In addition, tests conducted on liquid milk from three leading dairy companies over a few days revealed 24 of 1,202 batches tested were contaminated, according to China’s General Administration of Quality Supervision, Inspection and Quarantine (AQSIQ). AQSIQ has already sent 1,644 teams and 387 working groups across the country to inspect the production process of dairy plants.
AQSIQ ran further quality tests on milk and other liquid dairy products made after September 14th and found them all to be free of melamine.
The Chinese Ministry of Agriculture (MOA) said 29 provincial areas nationwide had set up special working groups to regulate the dairy product market in response to the recent tainted baby formula scandal. MOA has ordered local agricultural, animal husbandry and veterinary departments to take more effective measures to safeguard the legitimate interests of dairy farmers and to stabilize milk production.
According to FDA, no Chinese manufacturers of infant formula have sold melamine-laced products in the US; however, FDA officials are investigating whether Chinese-manufactured baby formula may have been distributed to Asian specialty markets in the US.
Chasing the White Rabbit
White Rabbit brand candy, usually a product of China, is known to be available for sale in a variety of flavors throughout Canada in various retail stores. All White Rabbit brand candies are affected by this alert.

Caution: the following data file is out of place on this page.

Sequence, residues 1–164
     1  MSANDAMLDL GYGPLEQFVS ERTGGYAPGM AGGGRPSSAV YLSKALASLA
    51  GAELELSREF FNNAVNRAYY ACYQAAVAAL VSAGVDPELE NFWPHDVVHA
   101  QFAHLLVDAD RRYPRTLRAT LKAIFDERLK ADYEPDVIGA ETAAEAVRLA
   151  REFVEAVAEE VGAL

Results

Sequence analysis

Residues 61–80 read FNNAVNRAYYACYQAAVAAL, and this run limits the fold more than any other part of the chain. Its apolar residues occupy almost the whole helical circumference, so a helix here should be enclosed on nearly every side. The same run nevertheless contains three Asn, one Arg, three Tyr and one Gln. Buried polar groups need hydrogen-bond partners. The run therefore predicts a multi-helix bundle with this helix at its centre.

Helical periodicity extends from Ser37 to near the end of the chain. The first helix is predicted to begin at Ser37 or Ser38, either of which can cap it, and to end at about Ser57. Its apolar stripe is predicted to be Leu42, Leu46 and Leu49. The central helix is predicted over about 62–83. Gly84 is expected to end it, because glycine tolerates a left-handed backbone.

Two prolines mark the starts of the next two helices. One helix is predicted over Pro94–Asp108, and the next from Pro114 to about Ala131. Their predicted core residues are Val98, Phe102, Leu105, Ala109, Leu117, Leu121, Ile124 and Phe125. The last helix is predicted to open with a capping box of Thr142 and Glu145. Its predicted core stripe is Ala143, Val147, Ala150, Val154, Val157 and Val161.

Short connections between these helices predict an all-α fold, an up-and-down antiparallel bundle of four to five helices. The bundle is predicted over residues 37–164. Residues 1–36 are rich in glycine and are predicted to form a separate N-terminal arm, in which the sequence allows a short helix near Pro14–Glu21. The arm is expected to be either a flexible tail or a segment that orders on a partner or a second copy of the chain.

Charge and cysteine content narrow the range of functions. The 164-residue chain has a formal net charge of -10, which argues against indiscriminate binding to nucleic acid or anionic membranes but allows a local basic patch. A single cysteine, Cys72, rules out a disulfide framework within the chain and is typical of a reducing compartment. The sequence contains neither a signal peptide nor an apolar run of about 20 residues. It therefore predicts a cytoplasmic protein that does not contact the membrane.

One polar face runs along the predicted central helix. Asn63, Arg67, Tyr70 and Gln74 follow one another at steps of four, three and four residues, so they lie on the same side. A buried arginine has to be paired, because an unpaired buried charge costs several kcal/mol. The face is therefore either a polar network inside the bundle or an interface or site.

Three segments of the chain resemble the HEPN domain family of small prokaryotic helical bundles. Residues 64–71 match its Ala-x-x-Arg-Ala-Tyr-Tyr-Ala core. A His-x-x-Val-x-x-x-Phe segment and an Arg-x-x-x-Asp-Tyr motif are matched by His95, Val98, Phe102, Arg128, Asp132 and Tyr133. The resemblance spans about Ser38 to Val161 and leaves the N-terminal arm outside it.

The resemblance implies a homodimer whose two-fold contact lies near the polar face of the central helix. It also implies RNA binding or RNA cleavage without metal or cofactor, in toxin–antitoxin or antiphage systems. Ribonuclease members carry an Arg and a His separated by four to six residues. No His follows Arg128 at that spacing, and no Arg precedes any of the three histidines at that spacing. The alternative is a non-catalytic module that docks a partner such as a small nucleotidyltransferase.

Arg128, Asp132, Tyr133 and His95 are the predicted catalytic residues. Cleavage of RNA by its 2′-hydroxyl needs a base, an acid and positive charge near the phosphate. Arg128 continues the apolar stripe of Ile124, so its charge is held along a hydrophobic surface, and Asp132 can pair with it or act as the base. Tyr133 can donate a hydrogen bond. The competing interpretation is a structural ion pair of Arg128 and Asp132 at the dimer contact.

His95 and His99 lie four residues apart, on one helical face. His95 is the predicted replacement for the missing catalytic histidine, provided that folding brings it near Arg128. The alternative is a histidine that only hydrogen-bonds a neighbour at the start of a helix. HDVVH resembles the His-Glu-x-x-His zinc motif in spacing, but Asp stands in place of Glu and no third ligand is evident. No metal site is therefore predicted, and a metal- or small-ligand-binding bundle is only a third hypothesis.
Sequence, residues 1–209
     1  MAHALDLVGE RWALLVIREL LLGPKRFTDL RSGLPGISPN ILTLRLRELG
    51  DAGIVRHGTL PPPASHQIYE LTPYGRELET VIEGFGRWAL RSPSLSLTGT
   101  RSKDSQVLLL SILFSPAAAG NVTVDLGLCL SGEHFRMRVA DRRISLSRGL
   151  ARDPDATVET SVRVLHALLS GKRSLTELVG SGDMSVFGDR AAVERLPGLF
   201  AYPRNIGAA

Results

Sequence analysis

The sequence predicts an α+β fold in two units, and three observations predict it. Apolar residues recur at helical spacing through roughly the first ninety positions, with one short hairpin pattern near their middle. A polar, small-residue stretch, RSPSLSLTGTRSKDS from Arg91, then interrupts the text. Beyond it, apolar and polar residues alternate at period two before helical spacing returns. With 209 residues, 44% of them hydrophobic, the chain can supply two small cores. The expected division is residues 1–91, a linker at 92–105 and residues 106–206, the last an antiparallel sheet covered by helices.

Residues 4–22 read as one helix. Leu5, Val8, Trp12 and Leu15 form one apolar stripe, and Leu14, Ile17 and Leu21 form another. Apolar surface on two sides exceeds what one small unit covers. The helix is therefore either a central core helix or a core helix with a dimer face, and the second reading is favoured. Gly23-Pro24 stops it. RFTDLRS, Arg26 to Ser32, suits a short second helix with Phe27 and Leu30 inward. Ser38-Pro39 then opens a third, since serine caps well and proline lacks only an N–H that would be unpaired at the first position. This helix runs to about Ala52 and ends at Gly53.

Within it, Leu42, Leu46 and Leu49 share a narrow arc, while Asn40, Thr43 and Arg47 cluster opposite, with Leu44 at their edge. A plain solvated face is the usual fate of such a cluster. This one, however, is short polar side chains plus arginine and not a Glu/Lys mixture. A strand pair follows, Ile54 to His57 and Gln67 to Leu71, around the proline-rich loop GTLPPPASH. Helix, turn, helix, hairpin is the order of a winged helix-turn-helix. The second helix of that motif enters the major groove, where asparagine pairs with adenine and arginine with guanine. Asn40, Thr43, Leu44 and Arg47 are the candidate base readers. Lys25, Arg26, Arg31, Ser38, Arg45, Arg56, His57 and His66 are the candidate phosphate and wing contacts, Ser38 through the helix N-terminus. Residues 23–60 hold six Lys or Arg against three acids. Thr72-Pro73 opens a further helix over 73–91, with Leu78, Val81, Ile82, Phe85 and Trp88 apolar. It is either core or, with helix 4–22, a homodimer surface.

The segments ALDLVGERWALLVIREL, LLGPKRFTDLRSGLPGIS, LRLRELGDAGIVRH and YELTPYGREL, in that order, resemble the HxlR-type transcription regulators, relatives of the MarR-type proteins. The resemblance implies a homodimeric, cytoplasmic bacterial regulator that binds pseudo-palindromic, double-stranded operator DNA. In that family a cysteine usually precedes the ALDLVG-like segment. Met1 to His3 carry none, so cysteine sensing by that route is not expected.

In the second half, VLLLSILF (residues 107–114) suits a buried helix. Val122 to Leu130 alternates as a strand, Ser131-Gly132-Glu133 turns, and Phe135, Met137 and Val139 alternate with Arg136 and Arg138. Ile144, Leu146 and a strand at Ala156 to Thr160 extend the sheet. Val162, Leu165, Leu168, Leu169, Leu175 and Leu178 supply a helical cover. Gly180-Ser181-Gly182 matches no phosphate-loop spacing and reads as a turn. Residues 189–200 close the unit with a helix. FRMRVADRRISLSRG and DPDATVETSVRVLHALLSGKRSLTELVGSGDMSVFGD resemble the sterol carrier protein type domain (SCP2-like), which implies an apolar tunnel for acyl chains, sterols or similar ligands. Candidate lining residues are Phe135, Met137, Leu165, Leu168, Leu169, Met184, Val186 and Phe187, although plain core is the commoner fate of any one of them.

There have been, however, no reported illnesses associated with the consumption of these products in Canada.
In Canada, at least two other brands may have melamine problems. CFIA and Thai Indochine Trading Inc. are advising people not to consume Mr. Brown 3-in-1 instant coffee products. In addition, CFIA and Regent Long Marketing and Distribution Ltd. are advising people not to consume Nissin Cha Cha Dessert, which was made using Yili Pure Milk, in which melamine was detected by the Government of the Hong Kong Special Administrative Region’s Centre of Food Safety.
E. coli flashes a red light
Intelliphage, Inc., founded in 2008 by Purdue Associate Professor Bruce M. Applegate and Lynda Perry, a research associate in his group, modified a virus that can infect a specific E. coli bacterium. Applegate teaches at Purdue University’s Department of Food Sciences.
Applegate’s virus will identify the bacterium’s presence in food by turning it red or making it luminescent, allowing food companies to detect potentially contaminated food before it reaches the consumer. The virus, which is grown in a non-pathogenic lab strain of E. coli, attaches itself to bacteria it detects.
Applegate says he can locate just one bacterium cell in 25 grams of food. He is also working on methods to detect Salmonella, Listeria, Staph and Mycobacterium tuberculosis.